The answer to this question is complicated. When you receive profits on the sale of a home or property, these profits are considered taxable income by the government.
However, you have to factor in all other tax information such as your income, other profit gains, and the number of deductions and credits you have available.
Generally, for homeowners that are not in higher income brackets that are selling a house below the threshold of $250,000 for single filers (or $500,000 for couples), you will not have to worry about a capital gains profit pushing you into a higher tax bracket.
Do I have to pay capital gains tax if I reinvest?
You can earn investment income by investing in other properties. Once you sell your primary residence, you can keep the gains applicable and purchase a new primary residence. Every two years, you can apply the same strategy.
As far as reporting all of this, as long as your home sale gain is not over the limit, you don’t have any paperwork to file with the government.
Capital gains taxes are recognized when you make the sale of the property, and there is no deduction or credit for reinvesting the funds into other avenues (such as retirement account). There is some advantage to putting capital gains income into savings accounts, as this income is taxed at a rate much lower than most personal incomes.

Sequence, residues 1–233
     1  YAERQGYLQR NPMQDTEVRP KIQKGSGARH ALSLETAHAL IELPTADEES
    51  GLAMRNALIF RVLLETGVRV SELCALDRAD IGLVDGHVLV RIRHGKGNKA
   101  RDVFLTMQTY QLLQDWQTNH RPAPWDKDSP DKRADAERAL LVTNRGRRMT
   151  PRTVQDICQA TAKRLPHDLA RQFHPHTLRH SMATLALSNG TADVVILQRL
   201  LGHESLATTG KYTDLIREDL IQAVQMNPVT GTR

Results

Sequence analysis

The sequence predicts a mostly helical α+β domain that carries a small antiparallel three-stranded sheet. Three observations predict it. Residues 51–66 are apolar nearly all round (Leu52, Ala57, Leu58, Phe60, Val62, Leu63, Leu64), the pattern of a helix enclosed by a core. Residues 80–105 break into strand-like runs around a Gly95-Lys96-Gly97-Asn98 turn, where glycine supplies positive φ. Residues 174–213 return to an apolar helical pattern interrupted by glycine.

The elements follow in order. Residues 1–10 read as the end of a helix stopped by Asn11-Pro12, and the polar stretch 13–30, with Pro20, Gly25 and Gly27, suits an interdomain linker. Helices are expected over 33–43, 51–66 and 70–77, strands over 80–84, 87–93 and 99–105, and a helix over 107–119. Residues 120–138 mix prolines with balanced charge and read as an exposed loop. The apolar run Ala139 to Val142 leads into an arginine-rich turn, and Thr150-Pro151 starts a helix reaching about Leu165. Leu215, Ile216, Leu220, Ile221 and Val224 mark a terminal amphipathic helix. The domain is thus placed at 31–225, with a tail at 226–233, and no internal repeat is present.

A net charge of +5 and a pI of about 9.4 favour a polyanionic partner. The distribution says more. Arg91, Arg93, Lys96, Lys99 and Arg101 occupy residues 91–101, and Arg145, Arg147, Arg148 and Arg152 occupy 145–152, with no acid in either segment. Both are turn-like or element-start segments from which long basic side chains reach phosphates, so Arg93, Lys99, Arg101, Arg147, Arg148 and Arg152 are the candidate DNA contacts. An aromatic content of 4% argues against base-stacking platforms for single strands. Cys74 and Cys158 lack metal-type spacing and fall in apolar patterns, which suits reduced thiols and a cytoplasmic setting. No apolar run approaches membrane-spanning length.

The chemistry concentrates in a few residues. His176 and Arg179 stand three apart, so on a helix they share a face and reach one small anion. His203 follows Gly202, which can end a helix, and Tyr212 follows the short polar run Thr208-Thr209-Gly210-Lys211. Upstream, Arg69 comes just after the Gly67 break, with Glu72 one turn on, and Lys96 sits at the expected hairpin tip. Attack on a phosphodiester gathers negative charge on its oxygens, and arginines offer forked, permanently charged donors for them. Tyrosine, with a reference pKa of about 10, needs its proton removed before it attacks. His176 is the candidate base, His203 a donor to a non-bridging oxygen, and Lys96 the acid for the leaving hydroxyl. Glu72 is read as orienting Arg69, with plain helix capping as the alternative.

There are certain scenarios where an individual can avoid capital gains taxes. For example, if the property you purchased increased in value every year since you purchased it.
In addition, if you have not sold or exchanged a home in the last 5 years, you likely can deduct up to $250,000 in capital gains (or up to $500,000 for a married couple), but there are certain restrictions and you should check with the IRS website here.
Finally, if you have carried forward a net loss or have a net capital loss for the year that exceeds your capital gains profit, these are also scenarios where you may be able to reduce the burden of your capital gains profit.